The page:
|To:||"Jim Brown" <email@example.com>,"Tower Talk List" <firstname.lastname@example.org>|
|Subject:||Re: [TowerTalk] Station Ground|
|From:||"K8RI on Tower Talk" <email@example.com>|
|Date:||Sat, 15 Jan 2005 18:46:37 -0500|
On Sat, 15 Jan 2005 03:16:11 -0500, Pete Smith wrote:
But what do you do with equipment like the Icom 756 Pro that uses the mike shield as a neutral return to the PC board?
I had an intermittent AC pickup. You know the kind that is always there, you make a change and it goes away... only to return the next time you use the rig.
Grounding the shield worked well, as did just reaching up and touching any bare metal on the rig or amp. The hum would be gone. Other times it wasn't there at all.
This is an old house and who knows where all the wiring goes, but I'd bet dollars to donuts there is a floating neutral *somewhere* on a circuit in the house. I can say with a pretty strong certainty it isn't on either circuit in this room.
Unfortunately instead of seperate cirucits for the outlets and lights in each room they daisy chained them to save on circuit breakers. The kind where the lights in the living room are on the same circuit as the outlets in the garage. The outlets in the living room are on the same circuit as the lights in the back bedrooms which are on the same circuit as the bathroom.
I've installed a 200 amp box, consumers has run in a new underground feed, I've added a second box with a transfer switch fed by a 9500 watt generator (for furnace, pump room lights, Microwave, refrigerator, freezer, *sump pump*, ham station, and yes... the TV in the living room along with enough lights upstairs to find our way around.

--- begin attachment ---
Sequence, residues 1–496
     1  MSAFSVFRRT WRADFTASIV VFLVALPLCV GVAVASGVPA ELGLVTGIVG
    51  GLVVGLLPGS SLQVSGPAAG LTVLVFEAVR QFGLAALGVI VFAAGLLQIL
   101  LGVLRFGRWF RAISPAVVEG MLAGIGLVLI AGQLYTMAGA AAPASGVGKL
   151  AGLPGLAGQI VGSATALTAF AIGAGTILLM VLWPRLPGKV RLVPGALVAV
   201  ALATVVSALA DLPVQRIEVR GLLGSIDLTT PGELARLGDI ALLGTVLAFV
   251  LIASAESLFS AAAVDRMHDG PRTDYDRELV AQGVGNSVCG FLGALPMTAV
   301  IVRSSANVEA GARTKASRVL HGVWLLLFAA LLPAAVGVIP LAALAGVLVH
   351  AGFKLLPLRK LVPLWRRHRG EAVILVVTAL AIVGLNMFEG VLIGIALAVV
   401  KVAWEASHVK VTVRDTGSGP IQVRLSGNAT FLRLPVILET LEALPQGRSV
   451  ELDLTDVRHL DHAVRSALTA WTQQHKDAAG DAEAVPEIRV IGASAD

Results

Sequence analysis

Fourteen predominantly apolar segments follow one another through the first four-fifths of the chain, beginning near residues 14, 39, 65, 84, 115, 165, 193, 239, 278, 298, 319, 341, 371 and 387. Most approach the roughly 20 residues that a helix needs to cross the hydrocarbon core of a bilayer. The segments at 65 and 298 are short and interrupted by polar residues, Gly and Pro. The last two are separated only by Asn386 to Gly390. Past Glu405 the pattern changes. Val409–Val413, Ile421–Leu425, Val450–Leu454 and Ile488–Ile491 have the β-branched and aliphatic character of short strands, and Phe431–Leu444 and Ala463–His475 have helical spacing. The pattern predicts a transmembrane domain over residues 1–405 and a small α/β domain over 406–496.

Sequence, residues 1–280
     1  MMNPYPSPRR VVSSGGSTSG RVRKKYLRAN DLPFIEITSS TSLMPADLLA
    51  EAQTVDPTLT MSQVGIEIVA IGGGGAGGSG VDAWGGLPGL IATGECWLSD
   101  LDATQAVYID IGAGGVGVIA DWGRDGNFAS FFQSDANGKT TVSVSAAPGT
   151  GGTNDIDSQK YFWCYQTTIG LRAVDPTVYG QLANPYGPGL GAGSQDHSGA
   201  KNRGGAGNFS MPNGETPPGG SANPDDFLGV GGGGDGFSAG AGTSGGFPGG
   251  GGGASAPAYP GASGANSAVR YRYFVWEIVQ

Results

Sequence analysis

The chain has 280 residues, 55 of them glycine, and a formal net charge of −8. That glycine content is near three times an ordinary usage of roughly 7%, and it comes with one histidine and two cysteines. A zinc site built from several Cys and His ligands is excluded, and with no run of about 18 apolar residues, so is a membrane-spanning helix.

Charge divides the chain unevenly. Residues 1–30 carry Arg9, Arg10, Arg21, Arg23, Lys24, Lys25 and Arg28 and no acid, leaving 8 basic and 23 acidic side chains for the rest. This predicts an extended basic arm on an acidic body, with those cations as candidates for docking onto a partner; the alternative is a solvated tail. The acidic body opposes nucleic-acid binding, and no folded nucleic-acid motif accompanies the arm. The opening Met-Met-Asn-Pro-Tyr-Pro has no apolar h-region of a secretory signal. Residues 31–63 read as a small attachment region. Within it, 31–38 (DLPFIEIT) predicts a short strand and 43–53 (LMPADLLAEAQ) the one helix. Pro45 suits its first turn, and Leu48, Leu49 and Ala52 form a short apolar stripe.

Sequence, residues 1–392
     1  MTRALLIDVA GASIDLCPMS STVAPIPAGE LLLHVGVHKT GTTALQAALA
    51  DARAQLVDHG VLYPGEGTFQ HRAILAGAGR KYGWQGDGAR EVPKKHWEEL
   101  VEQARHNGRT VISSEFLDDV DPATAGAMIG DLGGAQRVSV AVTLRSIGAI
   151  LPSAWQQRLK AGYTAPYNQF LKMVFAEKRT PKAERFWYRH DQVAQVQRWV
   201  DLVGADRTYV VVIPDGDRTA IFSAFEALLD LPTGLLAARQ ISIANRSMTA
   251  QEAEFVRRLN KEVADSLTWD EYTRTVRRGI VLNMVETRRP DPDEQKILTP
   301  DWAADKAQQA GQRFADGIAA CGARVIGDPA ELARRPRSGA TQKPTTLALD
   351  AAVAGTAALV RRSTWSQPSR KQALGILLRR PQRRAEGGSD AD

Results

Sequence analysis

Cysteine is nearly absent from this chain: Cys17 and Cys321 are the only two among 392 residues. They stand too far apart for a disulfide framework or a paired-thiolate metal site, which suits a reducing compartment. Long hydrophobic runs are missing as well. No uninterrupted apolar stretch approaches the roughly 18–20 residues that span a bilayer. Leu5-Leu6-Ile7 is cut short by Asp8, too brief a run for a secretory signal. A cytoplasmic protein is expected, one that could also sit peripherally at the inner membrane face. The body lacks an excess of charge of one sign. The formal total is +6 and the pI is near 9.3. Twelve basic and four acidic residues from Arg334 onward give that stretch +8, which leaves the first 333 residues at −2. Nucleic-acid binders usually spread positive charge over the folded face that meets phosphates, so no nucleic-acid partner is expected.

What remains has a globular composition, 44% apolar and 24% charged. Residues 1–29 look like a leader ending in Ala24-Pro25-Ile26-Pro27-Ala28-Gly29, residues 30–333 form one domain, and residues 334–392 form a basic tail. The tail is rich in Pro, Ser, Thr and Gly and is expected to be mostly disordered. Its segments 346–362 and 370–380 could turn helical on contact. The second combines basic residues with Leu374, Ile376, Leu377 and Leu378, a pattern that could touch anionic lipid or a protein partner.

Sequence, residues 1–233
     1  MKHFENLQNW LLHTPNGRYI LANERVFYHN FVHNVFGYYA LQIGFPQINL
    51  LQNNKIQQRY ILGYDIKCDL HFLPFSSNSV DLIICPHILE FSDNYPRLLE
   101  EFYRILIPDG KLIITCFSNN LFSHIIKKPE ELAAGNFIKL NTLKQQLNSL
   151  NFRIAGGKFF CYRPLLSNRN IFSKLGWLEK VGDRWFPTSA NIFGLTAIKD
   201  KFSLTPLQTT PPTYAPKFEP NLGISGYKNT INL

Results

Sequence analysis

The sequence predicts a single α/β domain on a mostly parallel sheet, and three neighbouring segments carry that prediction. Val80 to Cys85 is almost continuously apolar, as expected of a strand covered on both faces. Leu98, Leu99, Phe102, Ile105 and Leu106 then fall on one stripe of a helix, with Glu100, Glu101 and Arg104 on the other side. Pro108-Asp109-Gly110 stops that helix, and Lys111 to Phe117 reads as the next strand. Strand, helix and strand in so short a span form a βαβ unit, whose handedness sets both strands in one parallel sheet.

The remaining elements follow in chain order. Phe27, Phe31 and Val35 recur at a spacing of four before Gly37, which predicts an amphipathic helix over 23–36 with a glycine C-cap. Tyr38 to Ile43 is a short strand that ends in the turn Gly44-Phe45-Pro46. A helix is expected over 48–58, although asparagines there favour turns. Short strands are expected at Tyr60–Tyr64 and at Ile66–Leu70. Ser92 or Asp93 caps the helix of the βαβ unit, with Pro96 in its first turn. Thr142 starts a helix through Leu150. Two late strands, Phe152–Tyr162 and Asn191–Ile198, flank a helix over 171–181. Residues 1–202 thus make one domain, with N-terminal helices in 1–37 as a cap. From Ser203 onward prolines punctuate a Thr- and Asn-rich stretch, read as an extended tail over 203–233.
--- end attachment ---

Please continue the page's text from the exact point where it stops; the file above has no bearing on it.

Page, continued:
Quite possibly as I eliminate circuits and break them into smaller sub units I will find the culprit. (I hope)
I did at the time, try turning off breaker by breaker and I don't remember any positive results.
I spent hours rerouting cables to find the signal quiet, but the hum was back the next time, or the time after that.
The only thing that was sure fire as still continues to work is the grounding of the mike shield, but that eliminates about half of the mike functions.
called "audio ground" or "control ground" on the mic connectors and the rear
The socket is grounded to the chassis.
Roger Halstead (K8RI, EN73 & ARRL Life Member)
N833R, World's Oldest Debonair (S# CD-2)
See: http://www.mscomputer.com for "Self Supporting Towers", "Wireless Weather Stations", and lot's more. Call Toll Free, 1-800-333-9041 with any questions and ask for Sherman, W2FLA.
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